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Say a 17-year-old white Minnesota girl was forced into prostitution, then claimed she’d fallen in love in one night with a john who is a soldier from Nigeria, Saudi Arabia or North Korea. Would your average Minnesotan believe this? Or would they label it for what it is — the sexual and economic exploitation of a minor?
By reducing its portrayal of Vietnamese women to a brothel, “Miss Saigon” reinforces the stereotype of Asian women as prostitutes, as symbols of submissive, ever-available sexuality. At a recent forum on “Miss Saigon,” Asian American women spoke of how such stereotypes negatively affect the way they are treated.
“Miss Saigon” treats Vietnamese men no better. In its portrayal of a pimp and a North Vietnamese colonel, “Miss Saigon” promotes the stereotype of Asian men as unlovable, venal and brutal toward women.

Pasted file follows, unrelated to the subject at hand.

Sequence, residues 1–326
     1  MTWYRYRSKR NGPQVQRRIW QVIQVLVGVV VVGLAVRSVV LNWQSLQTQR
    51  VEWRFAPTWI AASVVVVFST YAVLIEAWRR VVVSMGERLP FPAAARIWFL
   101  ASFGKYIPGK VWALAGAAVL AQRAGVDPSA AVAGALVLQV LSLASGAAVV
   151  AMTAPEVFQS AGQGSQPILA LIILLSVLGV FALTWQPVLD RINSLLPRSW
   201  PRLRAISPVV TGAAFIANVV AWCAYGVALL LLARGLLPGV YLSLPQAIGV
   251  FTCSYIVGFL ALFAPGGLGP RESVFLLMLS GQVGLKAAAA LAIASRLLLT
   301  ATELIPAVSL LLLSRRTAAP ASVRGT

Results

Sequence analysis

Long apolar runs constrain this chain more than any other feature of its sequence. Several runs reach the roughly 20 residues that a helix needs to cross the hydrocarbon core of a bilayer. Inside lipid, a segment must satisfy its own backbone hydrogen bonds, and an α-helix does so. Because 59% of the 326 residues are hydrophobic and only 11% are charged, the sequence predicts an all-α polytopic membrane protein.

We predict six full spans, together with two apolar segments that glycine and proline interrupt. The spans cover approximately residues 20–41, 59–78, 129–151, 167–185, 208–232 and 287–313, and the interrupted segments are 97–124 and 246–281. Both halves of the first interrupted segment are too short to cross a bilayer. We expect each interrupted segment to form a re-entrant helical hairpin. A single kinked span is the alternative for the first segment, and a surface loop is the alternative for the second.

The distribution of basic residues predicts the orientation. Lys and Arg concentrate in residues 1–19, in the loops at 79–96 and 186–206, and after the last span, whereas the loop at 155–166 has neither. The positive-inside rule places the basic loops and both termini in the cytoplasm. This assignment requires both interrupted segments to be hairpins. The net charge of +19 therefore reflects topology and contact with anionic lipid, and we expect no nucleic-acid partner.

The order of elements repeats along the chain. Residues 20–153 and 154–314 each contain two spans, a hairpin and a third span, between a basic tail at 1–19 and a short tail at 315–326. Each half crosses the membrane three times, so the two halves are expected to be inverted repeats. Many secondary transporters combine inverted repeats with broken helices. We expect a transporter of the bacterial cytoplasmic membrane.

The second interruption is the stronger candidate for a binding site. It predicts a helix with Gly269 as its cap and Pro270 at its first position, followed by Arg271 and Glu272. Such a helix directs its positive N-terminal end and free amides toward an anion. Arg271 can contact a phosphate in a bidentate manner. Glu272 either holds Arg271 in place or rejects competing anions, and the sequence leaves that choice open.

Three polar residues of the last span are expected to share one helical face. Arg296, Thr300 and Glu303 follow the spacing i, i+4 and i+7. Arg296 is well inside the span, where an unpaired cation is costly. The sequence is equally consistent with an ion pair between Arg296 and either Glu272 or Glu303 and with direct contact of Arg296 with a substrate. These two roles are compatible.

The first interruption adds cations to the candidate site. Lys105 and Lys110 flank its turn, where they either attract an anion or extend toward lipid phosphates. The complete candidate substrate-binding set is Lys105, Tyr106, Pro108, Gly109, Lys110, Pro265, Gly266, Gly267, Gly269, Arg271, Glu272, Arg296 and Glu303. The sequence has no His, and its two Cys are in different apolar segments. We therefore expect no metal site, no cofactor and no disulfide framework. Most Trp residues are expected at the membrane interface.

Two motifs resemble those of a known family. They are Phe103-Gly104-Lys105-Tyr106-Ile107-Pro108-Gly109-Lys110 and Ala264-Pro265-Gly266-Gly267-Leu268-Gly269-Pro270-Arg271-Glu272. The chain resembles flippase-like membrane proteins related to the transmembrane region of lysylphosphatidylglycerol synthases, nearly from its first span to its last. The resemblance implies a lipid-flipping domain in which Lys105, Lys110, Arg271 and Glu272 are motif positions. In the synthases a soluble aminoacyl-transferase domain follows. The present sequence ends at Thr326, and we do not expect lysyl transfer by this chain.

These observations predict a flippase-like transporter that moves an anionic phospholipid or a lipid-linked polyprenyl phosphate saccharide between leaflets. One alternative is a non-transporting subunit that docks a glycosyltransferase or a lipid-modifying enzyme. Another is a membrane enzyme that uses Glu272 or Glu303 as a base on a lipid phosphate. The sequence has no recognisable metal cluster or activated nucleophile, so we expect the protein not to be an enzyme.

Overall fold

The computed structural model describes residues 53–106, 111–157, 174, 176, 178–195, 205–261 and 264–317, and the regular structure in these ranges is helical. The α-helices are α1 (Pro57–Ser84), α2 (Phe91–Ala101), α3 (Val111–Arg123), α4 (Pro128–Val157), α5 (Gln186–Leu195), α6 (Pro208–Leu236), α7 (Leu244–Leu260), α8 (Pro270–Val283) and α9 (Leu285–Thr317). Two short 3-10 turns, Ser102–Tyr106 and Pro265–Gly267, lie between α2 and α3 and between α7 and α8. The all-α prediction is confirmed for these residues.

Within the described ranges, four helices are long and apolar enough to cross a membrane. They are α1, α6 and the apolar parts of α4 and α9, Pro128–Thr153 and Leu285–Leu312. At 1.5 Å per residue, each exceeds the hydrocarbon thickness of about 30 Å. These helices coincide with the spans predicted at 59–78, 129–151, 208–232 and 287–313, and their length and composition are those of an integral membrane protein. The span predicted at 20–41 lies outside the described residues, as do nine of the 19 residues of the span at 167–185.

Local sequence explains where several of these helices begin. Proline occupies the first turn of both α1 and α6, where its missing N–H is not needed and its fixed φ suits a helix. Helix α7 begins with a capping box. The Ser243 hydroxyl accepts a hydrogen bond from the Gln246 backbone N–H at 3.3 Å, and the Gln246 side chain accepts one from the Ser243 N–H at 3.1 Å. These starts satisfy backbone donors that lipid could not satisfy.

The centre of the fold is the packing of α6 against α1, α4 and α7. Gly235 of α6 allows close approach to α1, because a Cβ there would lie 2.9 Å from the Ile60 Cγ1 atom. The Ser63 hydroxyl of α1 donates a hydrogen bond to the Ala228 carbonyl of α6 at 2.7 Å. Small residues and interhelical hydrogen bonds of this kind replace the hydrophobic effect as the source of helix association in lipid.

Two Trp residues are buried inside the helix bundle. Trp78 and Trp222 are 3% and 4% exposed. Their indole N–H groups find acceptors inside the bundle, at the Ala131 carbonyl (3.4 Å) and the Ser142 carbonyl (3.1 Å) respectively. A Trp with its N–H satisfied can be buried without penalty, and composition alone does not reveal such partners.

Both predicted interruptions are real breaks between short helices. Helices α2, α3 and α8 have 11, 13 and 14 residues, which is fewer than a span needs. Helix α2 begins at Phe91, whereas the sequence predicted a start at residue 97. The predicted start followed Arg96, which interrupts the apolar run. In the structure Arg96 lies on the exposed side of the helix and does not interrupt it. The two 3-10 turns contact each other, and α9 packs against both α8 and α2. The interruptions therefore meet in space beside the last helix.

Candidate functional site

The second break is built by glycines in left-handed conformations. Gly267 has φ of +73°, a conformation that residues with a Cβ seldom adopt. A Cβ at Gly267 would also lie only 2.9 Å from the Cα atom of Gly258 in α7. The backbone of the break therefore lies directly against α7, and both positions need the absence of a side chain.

Such portrayals are steeped in the history of colonialism. As in “Miss Saigon,” the white male occupying forces are always morally superior to and more sexually attractive than the native colonized men.
“Miss Saigon” re-uses the “Madama Butterfly” plot that celebrates a Japanese woman’s suicide over a white lover. The first message: All Asians think and act alike. The second: Asians are obsessed with suicide and do not value life.
As an Asian American, I’ve grown up with these stereotypes. I don’t need the Ordway’s “Miss Saigon” to discuss their toxic effects. What I need is for them to stop.
Twin Cities writer David Mura is a member of the Don’t Buy Miss Saigon coalition.